Frank Stranahan (USA) won it four times in its first five years. He was also the low amateur in 1947 before it came into existence.

Joe Carr (IRE), Michael Bonallack (ENG) and Peter McEvoy (ENG) are the only other multiple winners, having each won it twice.

Since 1972 a Bronze Medal has also been awarded to any other amateurs who complete all four rounds.

Here is the complete list of Silver Medal winners: –

Year Venue  Winner
1949 Royal St George’s  Frank Stranahan
1950 Troon  Frank Stranahan (2)
1951 Royal Portrush  Frank Stranahan (3)
1952 Royal Lytham & St Annes  Jackie Jones
1953 Carnoustie  Frank Stranahan (4)
1954 Royal Birkdale  Peter Toogood
1955 St Andrews  Joe Conrad
1956 Royal Liverpool  Joe Carr
1957 St Andrews  Dickson Smith
1958 Royal Lytham & St Annes  Joe Carr (2)
1959 Muirfield  Reid Jack
1960 St Andrews  Guy Wolstenholme
1961 Royal Birkdale  Ronnie White
1962 Troon  Charlie Green
1963 Royal Lytham & St Annes  Not awarded
1964 St Andrews  Not awarded
1965 Royal Birkdale  Michael Burgess
1966 Muirfield  Ronnie Shade
1967 Royal Liverpool  Not awarded
1968 Carnoustie  Michael Bonallack
1969 Royal Lytham & St Annes  Peter Tupling
1970 St Andrews  Steve Melnyk
1971 Royal Birkdale  Michael Bonallack (2)
1972 Muirfield  Not awarded
1973 Troon  Danny Edwards
1974 Royal Lytham & St Annes  Not awarded
1975 Carnoustie  Not awarded
1976 Royal Birkdale  Not awarded
1977 Turnberry  Not awarded
1978 St Andrews  Peter McEvoy
1979 Royal Lytham & St Annes  Peter McEvoy (2)
1980 Muirfield  Jay Sigel
1981 Royal St George’s  Hal Sutton
1982 Royal Troon  Malcolm Lewis
1983 Royal Birkdale  Not awarded
1984 St Andrews  Not awarded
1985 Royal St George’s  José María Olazábal
1986 Turnberry  Not awarded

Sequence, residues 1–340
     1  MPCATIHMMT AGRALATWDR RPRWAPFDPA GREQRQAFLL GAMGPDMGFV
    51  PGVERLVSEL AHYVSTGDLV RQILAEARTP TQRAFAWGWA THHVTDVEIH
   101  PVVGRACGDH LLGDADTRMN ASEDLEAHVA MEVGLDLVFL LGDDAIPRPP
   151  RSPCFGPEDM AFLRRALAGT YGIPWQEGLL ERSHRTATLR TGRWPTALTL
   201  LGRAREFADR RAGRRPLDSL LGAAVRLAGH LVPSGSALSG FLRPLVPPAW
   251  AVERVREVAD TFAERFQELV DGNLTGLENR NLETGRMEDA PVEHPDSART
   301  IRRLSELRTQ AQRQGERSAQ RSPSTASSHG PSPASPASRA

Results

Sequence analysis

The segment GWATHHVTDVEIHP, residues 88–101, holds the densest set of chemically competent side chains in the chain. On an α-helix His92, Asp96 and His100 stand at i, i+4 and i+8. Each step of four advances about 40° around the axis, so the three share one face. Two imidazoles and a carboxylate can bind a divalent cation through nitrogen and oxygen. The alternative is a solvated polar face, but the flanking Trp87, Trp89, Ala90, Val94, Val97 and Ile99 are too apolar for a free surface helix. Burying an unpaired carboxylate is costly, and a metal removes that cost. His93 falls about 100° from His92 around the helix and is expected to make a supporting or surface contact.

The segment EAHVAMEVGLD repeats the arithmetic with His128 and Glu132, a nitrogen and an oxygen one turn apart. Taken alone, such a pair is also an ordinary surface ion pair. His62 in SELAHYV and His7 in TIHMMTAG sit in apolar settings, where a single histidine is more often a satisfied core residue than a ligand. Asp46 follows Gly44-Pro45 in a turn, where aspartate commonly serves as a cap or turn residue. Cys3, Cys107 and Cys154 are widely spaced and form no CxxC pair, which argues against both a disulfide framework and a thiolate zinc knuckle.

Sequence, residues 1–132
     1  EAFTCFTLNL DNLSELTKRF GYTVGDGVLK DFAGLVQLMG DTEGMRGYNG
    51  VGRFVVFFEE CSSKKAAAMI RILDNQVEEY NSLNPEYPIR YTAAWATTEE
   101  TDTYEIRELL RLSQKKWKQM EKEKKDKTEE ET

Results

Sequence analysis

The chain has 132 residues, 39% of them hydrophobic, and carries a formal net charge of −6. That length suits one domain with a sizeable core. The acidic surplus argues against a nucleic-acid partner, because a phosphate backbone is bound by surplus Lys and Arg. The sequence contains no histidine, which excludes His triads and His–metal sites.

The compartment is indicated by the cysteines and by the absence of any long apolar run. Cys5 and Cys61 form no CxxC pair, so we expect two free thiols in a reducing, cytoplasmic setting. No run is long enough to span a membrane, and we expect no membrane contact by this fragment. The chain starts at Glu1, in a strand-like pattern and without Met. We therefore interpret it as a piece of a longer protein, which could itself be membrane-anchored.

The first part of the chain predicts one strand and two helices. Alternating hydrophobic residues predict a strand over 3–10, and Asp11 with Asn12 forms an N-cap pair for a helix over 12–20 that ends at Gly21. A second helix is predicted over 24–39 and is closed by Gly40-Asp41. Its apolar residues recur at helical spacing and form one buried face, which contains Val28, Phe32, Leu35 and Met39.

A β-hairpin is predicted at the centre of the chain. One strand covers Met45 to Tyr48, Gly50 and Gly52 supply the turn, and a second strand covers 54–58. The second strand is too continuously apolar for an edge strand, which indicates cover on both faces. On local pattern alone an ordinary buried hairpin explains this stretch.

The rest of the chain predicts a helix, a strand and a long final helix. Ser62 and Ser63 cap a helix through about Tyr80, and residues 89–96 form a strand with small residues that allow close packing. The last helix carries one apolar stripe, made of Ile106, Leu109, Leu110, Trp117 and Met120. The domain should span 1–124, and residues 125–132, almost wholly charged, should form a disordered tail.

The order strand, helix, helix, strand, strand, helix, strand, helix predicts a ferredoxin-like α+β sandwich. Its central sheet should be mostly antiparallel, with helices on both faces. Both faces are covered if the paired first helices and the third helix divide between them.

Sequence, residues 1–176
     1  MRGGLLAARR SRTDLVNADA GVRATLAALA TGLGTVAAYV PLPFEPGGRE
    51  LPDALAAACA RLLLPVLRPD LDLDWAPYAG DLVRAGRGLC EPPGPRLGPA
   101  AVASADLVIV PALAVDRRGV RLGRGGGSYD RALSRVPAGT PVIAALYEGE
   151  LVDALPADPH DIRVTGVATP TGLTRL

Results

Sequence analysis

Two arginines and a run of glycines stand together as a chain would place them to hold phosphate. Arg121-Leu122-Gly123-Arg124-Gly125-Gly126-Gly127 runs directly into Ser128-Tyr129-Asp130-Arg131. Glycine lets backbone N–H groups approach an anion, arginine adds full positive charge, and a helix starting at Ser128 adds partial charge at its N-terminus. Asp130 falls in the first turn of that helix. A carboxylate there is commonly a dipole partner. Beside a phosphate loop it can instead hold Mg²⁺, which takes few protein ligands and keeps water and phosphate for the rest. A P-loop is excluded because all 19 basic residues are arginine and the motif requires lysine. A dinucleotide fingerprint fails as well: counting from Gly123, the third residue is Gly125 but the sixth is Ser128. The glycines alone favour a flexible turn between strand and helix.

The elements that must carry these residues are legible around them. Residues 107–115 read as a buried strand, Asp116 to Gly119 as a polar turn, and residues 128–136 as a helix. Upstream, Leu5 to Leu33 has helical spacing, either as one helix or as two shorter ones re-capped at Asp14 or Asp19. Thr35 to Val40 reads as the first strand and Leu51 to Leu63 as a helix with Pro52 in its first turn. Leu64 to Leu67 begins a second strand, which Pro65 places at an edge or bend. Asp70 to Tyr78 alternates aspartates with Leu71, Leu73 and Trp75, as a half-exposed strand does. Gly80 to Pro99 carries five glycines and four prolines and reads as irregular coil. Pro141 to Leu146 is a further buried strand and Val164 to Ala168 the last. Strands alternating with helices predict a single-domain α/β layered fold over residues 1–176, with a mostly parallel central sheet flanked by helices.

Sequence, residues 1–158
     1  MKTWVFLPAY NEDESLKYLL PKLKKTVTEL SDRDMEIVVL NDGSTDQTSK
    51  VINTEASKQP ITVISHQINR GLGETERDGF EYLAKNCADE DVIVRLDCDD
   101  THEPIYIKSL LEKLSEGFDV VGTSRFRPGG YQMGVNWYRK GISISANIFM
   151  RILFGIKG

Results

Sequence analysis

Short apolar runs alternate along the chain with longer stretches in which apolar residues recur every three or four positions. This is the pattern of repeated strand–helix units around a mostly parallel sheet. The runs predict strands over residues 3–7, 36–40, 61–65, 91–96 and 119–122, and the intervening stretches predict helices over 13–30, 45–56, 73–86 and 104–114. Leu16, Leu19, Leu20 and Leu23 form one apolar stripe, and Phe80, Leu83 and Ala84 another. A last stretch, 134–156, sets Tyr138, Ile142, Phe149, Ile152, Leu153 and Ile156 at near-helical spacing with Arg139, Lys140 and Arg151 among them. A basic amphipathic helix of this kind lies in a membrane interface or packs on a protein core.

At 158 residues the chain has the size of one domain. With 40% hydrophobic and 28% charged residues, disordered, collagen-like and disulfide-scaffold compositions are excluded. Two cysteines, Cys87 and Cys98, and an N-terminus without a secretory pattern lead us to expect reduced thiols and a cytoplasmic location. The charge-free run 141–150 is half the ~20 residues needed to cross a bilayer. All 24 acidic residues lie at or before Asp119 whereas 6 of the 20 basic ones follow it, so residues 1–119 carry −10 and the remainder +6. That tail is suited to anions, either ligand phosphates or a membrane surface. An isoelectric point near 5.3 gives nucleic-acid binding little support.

1987 Muirfield  Paul Mayo
1988 Royal Lytham & St Annes  Paul Broadhurst
1989 Royal Troon  Russell Claydon
1990 St Andrews  Not awarded
1991 Royal Birkdale  Jim Payne
1992 Muirfield  Daren Lee
1993 Royal St George’s  Iain Pyman
1994 Turnberry  Warren Bennett
1995 St Andrews  Steve Webster
1996 Royal Lytham & St Annes  Tiger Woods
1997 Royal Troon  Barclay Howard
1998 Royal Birkdale  Justin Rose
1999 Carnoustie  Not awarded
2000 St Andrews  Not awarded
2001 Royal Lytham & St Annes  David Dixon
2002 Muirfield  Not awarded
2003 Royal St George’s  Not awarded
2004 Royal Troon  Stuart Wilson
2005 St Andrews  Lloyd Saltman
2006 Royal Liverpool  Marius Thorp
2007 Carnoustie  Rory McIlroy
2008 Royal Birkdale  Chris Wood
2009 Turnberry  Matteo Manassero
2010 St Andrews  Jin Jeong
2011 Royal St George’s  Tom Lewis
2012 Royal Lytham & St Annes  Not awarded
2013 Muirfield  Matthew Fitzpatrick
2014 Royal Liverpool  Not awarded
2015 St Andrews  Jordan Niebrugge
2016 Royal Troon  Not awarded
2017 Royal Birkdale  Alfie Plant
2018 Carnoustie  Sam Locke

Tiger Woods and Rory McIlroy are the only Silver Medal winners to go on and become ‘The Champion Golfer of the Year’ too.

Hal Sutton (1983 P.G.A. Championship), José María Olazábal (1994 and 1999 Masters) and Justin Rose (2013 U.S. Open) are other Silver Medal winners to have subsequently secured a major Championship.

ME.

Copyright © 2014-2019, Mark Eley. All rights reserved.